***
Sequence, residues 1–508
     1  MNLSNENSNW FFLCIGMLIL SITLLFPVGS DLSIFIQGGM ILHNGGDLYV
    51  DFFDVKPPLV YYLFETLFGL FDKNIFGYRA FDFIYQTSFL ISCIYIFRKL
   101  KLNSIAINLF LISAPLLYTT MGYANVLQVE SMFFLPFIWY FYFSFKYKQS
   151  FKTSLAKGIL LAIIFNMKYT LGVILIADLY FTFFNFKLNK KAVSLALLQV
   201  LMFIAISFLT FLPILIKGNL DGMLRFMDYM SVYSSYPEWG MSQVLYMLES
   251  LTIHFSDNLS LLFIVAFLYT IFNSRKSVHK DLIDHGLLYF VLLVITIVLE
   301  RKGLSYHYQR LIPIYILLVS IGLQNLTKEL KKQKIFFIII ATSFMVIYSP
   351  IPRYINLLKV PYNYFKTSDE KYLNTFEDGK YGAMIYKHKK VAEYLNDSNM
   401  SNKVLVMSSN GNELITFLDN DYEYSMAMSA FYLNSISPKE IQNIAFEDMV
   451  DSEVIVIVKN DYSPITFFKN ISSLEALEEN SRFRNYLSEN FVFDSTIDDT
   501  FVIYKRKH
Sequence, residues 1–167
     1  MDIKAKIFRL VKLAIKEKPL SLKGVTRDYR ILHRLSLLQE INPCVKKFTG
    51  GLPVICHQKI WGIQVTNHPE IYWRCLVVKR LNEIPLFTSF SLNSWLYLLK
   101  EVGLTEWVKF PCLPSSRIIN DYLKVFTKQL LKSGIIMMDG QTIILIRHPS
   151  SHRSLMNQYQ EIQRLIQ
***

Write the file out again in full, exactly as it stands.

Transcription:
Sequence, residues 1–508
     1  MNLSNENSNW FFLCIGMLIL SITLLFPVGS DLSIFIQGGM ILHNGGDLYV
    51  DFFDVKPPLV YYLFETLFGL FDKNIFGYRA FDFIYQTSFL ISCIYIFRKL
   101  KLNSIAINLF LISAPLLYTT MGYANVLQVE SMFFLPFIWY FYFSFKYKQS
   151  FKTSLAKGIL LAIIFNMKYT LGVILIADLY FTFFNFKLNK KAVSLALLQV
   201  LMFIAISFLT FLPILIKGNL DGMLRFMDYM SVYSSYPEWG MSQVLYMLES
   251  LTIHFSDNLS LLFIVAFLYT IFNSRKSVHK DLIDHGLLYF VLLVITIVLE
   301  RKGLSYHYQR LIPIYILLVS IGLQNLTKEL KKQKIFFIII ATSFMVIYSP
   351  IPRYINLLKV PYNYFKTSDE KYLNTFEDGK YGAMIYKHKK VAEYLNDSNM
   401  SNKVLVMSSN GNELITFLDN DYEYSMAMSA FYLNSISPKE IQNIAFEDMV
   451  DSEVIVIVKN DYSPITFFKN ISSLEALEEN SRFRNYLSEN FVFDSTIDDT
   501  FVIYKRKH
Sequence, residues 1–167
     1  MDIKAKIFRL VKLAIKEKPL SLKGVTRDYR ILHRLSLLQE INPCVKKFTG
    51  GLPVICHQKI WGIQVTNHPE IYWRCLVVKR LNEIPLFTSF SLNSWLYLLK
   101  EVGLTEWVKF PCLPSSRIIN DYLKVFTKQL LKSGIIMMDG QTIILIRHPS
   151  SHRSLMNQYQ EIQRLIQ